Kent County, Michigan. U.S. Census Bureau Map
Kent County, located in southern Michigan
and including the city of Grand Rapids, has been the seat of two Mennonite (MC) churches -- Caledonia
. The Caledonia settlement was located some 12 miles (20 km) west of the Bowne settlement. The first settlers in the Caledonia area came in 1864. Those locating at Caledonia came partly from Ontario
, and partly from such states as Indiana
, and Pennsylvania
. The first meetinghouse was erected in 1865 and replaced by another in 1881; the latter burned down in 1923. Only the cemetery
remained to mark the location of the building. The congregation seemed to prosper at first, there being 40 members at Caledonia by 1867. But internal differences over religious practice led to the weakening of the congregation and its ultimate closure by1910. The Bowne settlers in Kent County in 1865 came from Somerset County, Pennsylvania and from Ontario. The first meetinghouse was a log structure and was erected jointly by the Church of the Brethren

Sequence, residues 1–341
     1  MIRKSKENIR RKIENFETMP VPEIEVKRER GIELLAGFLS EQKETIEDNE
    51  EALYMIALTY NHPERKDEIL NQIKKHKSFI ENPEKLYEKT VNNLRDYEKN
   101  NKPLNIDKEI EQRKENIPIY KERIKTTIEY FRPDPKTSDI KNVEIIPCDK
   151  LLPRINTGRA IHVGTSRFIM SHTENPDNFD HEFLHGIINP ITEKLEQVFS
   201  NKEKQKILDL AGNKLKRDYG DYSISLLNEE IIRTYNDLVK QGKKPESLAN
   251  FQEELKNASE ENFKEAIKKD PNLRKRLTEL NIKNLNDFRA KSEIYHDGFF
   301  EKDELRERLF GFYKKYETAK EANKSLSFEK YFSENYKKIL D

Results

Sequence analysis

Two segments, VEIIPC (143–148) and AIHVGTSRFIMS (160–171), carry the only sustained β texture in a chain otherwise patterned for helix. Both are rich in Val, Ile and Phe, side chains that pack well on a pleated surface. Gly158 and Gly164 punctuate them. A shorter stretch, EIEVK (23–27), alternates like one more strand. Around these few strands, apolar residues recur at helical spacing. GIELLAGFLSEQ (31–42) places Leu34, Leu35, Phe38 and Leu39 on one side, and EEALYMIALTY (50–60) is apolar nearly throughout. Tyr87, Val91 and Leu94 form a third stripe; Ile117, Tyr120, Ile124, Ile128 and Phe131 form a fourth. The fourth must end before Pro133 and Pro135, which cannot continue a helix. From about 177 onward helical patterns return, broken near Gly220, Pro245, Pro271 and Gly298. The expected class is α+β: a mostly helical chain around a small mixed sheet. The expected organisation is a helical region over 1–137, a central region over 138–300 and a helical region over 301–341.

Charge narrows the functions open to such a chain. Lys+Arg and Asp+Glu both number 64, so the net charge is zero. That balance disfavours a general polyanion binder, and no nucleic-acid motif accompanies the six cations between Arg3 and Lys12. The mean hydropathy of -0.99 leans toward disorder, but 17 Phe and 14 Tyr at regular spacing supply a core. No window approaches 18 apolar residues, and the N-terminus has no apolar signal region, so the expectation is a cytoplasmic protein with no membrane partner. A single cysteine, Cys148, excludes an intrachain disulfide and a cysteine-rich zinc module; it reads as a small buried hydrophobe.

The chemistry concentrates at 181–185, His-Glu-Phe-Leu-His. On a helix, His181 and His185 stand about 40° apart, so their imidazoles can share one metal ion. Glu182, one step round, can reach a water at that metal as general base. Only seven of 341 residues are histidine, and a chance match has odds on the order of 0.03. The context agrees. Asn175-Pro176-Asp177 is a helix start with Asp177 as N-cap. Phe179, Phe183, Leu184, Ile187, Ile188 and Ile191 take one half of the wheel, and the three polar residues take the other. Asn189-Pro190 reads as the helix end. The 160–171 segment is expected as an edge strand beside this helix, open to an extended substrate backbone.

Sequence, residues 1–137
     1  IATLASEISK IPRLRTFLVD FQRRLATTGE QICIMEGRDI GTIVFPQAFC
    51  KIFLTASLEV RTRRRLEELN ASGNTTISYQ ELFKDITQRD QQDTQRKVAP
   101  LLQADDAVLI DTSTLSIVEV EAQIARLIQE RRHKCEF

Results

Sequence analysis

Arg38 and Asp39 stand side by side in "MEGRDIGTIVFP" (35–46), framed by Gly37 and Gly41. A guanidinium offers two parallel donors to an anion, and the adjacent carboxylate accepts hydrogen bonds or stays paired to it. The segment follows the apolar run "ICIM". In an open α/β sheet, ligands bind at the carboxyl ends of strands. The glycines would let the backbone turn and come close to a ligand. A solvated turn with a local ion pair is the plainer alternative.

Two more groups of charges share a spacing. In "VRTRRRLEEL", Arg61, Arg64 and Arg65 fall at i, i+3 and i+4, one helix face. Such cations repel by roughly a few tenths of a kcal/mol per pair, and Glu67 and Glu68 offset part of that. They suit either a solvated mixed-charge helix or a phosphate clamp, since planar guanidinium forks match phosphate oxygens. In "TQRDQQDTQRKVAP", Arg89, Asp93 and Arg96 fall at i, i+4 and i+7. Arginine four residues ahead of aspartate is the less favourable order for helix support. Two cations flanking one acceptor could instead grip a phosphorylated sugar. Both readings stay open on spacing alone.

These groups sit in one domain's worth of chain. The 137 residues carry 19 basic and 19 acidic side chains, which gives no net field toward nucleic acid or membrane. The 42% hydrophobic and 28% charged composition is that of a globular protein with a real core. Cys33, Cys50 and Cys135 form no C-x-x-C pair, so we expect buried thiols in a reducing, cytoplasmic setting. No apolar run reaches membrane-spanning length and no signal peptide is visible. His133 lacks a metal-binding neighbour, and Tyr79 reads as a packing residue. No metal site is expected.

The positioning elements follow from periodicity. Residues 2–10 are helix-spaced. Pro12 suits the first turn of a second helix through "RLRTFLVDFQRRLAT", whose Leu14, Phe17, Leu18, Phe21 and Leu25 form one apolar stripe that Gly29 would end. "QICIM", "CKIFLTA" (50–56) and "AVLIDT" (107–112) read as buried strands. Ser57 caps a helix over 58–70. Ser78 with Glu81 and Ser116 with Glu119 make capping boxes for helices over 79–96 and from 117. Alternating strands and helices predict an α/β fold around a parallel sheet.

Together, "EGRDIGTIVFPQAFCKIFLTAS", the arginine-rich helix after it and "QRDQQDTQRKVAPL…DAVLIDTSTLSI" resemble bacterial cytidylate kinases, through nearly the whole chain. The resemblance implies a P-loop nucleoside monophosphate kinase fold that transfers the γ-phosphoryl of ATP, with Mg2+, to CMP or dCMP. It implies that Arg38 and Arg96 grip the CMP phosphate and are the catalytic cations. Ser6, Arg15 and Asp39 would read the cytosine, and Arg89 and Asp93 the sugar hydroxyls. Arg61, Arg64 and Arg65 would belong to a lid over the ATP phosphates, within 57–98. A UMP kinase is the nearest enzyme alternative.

and the Mennonites (Mennonite Church
) about 1870, being used for seven years on alternate Sundays by the two groups, after which the Brethren built their own separate house of worship. In 1957, the Bowne congregation (also called Elmdale) worshiped in a building erected in 1901. At that time the membership of the congregation was 104.
|| John C Wenger
| Date Published
 Cite This Article
Wenger, John C. "Kent County (Michigan, USA)." Global Anabaptist Mennonite Encyclopedia Online. 1957. Web. 9 Dec 2013. http://gameo.org/index.php?title=Kent_County_(Michigan,_USA)&oldid=92266.
Wenger, John C. (1957). Kent County (Michigan, USA). Global Anabaptist Mennonite Encyclopedia Online. Retrieved 9 December 2013, from http://gameo.org/index.php?title=Kent_County_(Michigan,_USA)&oldid=92266.
Adapted by permission of Herald Press, Harrisonburg, Virginia, and Waterloo, Ontario, from Mennonite Encyclopedia
, Vol. 3, p. 166. All rights reserved. For information on ordering the encyclopedia visit the Herald Press
©1996-2013 by the Global Anabaptist Mennonite Encyclopedia Online. All rights reserved.